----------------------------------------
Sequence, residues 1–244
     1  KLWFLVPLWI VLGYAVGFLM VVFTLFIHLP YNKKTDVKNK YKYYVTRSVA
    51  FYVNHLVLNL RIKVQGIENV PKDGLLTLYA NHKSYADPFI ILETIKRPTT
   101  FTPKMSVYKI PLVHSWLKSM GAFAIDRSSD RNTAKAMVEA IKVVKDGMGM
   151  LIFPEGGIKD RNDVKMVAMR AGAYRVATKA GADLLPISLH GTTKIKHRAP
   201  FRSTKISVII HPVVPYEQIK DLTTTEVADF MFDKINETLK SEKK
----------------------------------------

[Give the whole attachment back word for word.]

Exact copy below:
Sequence, residues 1–244
     1  KLWFLVPLWI VLGYAVGFLM VVFTLFIHLP YNKKTDVKNK YKYYVTRSVA
    51  FYVNHLVLNL RIKVQGIENV PKDGLLTLYA NHKSYADPFI ILETIKRPTT
   101  FTPKMSVYKI PLVHSWLKSM GAFAIDRSSD RNTAKAMVEA IKVVKDGMGM
   151  LIFPEGGIKD RNDVKMVAMR AGAYRVATKA GADLLPISLH GTTKIKHRAP
   201  FRSTKISVII HPVVPYEQIK DLTTTEVADF MFDKINETLK SEKK